Animal Studies Bibliography
Jamieson, Dale. 1998. Animal Liberation is an Environmental Ethic. Environmental Values 7: 41-57.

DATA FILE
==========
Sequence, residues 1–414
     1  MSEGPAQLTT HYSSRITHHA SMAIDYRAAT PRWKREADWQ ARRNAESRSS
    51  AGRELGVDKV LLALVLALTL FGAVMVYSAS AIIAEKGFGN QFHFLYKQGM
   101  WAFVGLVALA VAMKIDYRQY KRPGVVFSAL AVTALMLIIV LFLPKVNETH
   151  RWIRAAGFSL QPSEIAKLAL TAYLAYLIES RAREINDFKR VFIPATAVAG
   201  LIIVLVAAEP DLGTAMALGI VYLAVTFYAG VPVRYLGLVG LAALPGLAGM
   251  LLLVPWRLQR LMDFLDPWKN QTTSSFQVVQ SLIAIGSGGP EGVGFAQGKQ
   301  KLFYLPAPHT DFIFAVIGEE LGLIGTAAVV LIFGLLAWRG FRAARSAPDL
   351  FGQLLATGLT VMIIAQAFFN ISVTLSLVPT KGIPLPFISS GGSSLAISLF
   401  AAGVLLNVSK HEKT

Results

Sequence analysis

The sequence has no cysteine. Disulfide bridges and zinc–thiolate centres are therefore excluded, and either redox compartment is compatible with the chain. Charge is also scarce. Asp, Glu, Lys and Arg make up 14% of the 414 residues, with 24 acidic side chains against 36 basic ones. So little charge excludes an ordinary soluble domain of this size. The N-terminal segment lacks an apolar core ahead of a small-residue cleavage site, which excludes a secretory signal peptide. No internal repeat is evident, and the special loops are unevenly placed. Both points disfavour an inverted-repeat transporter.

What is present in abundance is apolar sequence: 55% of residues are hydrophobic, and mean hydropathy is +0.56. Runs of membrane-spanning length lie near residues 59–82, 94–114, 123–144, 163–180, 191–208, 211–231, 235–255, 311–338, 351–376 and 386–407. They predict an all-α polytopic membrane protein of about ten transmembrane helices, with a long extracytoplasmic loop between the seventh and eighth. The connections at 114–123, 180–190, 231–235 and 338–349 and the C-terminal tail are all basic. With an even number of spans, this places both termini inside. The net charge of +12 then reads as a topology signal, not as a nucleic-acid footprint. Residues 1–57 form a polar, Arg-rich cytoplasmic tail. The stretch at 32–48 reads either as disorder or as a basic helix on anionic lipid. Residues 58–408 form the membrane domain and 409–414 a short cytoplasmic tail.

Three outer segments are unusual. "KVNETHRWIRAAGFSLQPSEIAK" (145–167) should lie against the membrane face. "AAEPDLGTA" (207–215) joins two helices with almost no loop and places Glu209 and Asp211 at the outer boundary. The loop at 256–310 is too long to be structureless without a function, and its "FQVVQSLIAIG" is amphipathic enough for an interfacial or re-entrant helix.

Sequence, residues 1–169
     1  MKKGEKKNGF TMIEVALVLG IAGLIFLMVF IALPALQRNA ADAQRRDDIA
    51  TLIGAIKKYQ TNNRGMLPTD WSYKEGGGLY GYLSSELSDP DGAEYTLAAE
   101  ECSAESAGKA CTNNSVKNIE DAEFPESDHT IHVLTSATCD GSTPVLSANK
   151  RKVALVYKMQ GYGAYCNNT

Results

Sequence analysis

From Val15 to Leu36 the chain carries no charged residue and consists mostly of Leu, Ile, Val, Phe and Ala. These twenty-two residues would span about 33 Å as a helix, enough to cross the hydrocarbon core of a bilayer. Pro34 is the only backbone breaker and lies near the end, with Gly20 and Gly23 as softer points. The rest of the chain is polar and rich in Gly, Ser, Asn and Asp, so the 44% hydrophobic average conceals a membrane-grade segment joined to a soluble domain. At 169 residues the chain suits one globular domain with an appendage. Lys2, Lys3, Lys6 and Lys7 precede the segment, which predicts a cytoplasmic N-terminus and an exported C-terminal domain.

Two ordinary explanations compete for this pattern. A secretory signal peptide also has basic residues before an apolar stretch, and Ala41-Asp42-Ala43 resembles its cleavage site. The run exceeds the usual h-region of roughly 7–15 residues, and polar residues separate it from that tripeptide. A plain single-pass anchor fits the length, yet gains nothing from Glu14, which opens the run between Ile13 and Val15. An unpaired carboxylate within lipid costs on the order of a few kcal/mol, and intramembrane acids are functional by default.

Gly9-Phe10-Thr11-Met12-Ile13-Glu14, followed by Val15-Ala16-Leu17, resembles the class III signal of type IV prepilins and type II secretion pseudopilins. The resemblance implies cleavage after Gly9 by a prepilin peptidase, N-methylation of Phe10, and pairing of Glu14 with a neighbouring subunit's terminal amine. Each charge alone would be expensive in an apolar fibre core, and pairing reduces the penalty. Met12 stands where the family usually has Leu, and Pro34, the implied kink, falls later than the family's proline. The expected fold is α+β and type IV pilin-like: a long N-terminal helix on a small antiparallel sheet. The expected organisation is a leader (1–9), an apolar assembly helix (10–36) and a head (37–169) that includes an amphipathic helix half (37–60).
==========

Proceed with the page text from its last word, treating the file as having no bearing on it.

Although many activists consider themselves both environmentalists and animal liberationists, there has been for some time among philosophers a debate about the extent to which the two ethics can be reconciled, most notably in Callicott's 1980 essay rejecting animal liberation in favor of an environmental ethic/land ethic. His argument, since somewhat recanted, was that animal liberationists are conservative, sticking to traditional Western philosophical traditions and simply extending them to animals. Instead of thinking about such things as rights and worrying about individual animals, activists should develop a new philosophy, a land ethic like Leopold's in which we pay attention to protecting the larger group (species, ecosystem, the community of the land). These collectives are valuable, in the new ethic, because nonsentient entities have inherent value that is mind-independent (even if no one were there to enjoy it, it would still have value--a hypothetical last man' therefore should not destroy it). Animal liberationists responded harshly to this doctrine, calling the requirement to sacrifice individual animals for the overall environment environmental fascism' (Regan). Most environmentalist thinkers, including Callicott himself, backed down some from Callicott's position during the 80s, but there is still a sense that the views must be separate. Jamieson argues that care for nonsentient nature and animal liberation can be part of the same ethic. First, there are many issues on which both groups agree, such as opposition to the cattle industry, which both harms animals (including humans) directly and destroys the environment, harming us indirectly. In fact, because we all live in environments, arguments for protecting the environment can be based on the desire to protect animals. Finally, attention to the details of value-based arguments makes distinctions clearer and reveals that the original debate is spurious. First, although the source of values may be sentient (things are valuable only if we are here to value them), the content of the values need not be (we can value things that are not sentient). Second, there is a difference between things of primary and derivative value. Animals who can experience pain or pleasure and a better or worse life are of primary value, and therefore nonsentient beings are not of primary value. This does not mean, however, that things of primary value are necessarily of greater value than things of derivative value--the difference is in kind, not in degree. Third, there is a difference between intrinsically valuing something and non-intrinsically valuing it. The same entity can be valued in either way in different contexts and times, by different valuers, or even at the same time by the same valuer. Our treatment of art illustrates these distinctions--art is of derivative value because it is not sentient, and we generally value it both intrinsically and non-intrinsically (based on its relations to people; 48). During times of war, we may use resources that could be used for lifesaving to instead protect or move works of art, based on ideas about quality of life. Similarly, nonsentient features of the environment are of derivative value, but they can be of extreme value and can be valued intrinsically (49). This leads to the conclusion that valuing the environment is in large part constructed culturally/socially and relative by individual tastes. The subjective nature of this value, however, need not be seen as a problem, because cultural consensus can be very powerful. Despite possible disagreement about what is of primary value, environmentalists and animal liberationists may value saving the environment equally strongly. The commonalities thus outlined indicate the possibility of alliance. Although there remain issues upon which the movements would differ, there is also much unnoticed agreement, as well as great variation of opinion within each movement. In short, Callicott's division is false.